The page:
The Legal 500

Twitter Logo Youtube Circle Icon LinkedIn Icon

DLA Piper

LEVEL 31, CENTRAL PARK, 152 - 158 ST GEORGES TERRACE, PERTH, WA 6000, AUSTRALIA
Tel:
Work +61 8 6467 6000
Fax:
Fax +61 8 6467 6001
DX:
130 PERTH
Email:
Web:
www.dlapiper.com

Richard Edwards

Tel:
Work +61 8 6467 6244
Email:
DLA Piper LLP (US)

Work Department

Litigation & Dispute Resolution, Partner.

Position

Richard Edward's areas of expertise are construction (infrastructure and commercial projects disputes, security of payments disputes and risk advice), transport (charterparty negotiations and disputes; admiralty matters, carriage of goods and port risks) and insurance (professional indemnity, marine and aviation insurance). Since 1999, Richard has provided dispute resolution advice and representation on numerous construction and transport disputes. This includes litigated matters in Western Australia, Victoria, the Federal Court of Australia and the High Court as well as domestic and international arbitrations. He has particular experience in advising engineers, contractors and construction consultants on issues connected with construction contracts and insurance risks. In recent years, Richard has complemented his experience in construction with his practice in transport matters, including advice and representation on charterparties, admiralty matters, marine insurance and aviation insurance. In 2011, Richard completed the University of Southampton's Maritime Law Course in Singapore. Richard also has particular experience in representing legal practitioners in compensation claims and in regulatory matters. Please refer to link for details of expertise and experience: http://www.dlapiper.com/richard_edwards/.

Career

Supreme Court of Victoria, 2004 High Court of Australia, 2000 Supreme Court of Western Australia, 1998

Member

Maritime Law Association of Australia and New Zealand Aviation Law Association of Australia and New Zealand Law Society of Western Australia Society of Construction Lawyers Australia

Education

Bachelor of Laws, University of Western Australia, 1997


Australia

Construction

Within: Construction

DLA Piper’s ‘strong and committed’ team delivers a ‘great service’ characterised by ‘clear business acumen and industry knowledge’. Highlights included advising the Destination Brisbane Consortium on its £1.6bn Queen’s Wharf development in the Brisbane CBD, and the team assisted the Australian Football League (AFL) with the £127m Etihad Stadium and Docklands precinct redevelopment. Jane Baddeley and Mark Huntington have ‘wealth of industry knowledge and experience’ and are ‘great assets to a project team’. John Gallagher and Richard Edwards jointly head the practice that includes the ‘extremely good’ disputes specialist Gitanjali Bajaj; she led on a number of high-value construction disputes in the energy sector. David Nancarrow left to take up a role in-house, while infrastructure lawyers Dan Brown and Alex Guy departed to Ashurst.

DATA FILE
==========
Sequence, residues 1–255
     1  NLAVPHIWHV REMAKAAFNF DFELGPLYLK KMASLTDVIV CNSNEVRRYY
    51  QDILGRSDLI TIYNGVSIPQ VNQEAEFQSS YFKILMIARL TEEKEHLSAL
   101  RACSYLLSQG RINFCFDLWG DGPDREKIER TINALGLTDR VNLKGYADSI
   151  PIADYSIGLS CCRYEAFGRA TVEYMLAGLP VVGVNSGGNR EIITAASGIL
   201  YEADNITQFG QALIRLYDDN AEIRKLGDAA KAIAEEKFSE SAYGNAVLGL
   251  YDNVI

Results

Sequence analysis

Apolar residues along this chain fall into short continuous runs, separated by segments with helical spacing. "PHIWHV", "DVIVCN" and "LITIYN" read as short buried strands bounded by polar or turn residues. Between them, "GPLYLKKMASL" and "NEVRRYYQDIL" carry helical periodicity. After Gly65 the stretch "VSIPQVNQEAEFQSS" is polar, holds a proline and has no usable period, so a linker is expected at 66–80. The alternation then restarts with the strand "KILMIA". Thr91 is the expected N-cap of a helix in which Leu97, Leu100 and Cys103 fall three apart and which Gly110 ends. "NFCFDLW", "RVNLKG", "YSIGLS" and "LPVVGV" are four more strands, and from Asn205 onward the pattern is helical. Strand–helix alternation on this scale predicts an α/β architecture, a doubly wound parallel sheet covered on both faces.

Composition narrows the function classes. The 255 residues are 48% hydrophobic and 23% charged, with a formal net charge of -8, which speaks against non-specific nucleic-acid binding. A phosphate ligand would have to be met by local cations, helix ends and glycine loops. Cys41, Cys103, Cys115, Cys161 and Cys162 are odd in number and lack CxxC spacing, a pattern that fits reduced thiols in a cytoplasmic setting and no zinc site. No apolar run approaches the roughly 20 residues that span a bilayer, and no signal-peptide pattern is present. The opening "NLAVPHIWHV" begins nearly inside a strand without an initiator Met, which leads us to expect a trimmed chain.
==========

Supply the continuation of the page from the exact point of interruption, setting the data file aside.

[back to top]

Dispute resolution

Within: Dispute resolution

DLA Piper's practice head Rani John gives advice that is both ‘legally sound and commercially astute'. Gitanjali Bajaj, Richard Edwards and Liam Prescott are recommended for international arbitration, a particular strength of the practice. It welcomed Natalie Caton from King & Wood Mallesons, who specialises in cross-border corruption litigation, and handled several high-profile matters stemming from the Banking Royal Commission for two large financial institutions. It also represented the Securities and Exchange Board of India in relation to India’s largest Ponzi scheme to date, valued at $8bn and involving over 58.5 million Indian investors.

[back to top]


Back to index

Legal Developments by:
DLA Piper LLP (US)

  • Sentencing guidelines for corporate manslaughter

    In February 2010 the Sentencing Guidelines Council (the SGC) issued definitive guidelines to courts on imposing appropriate sentences for corporate manslaughter and health and safety offences causing death. The SGC states that fines imposed on companies found guilty of corporate manslaughter should not fall below £500,000, while fines in respect of health and safety offences that are a significant cause of death should be at least £100,000. Crucially, the SGC declined to provide for a fixed link between the imposed fine and the turnover or profitability of the offending company.

    - DLA Piper UK LLP

Legal Developments worldwide

Legal Developments and updates from the leading lawyers in each jurisdiction. To contribute, send an email request to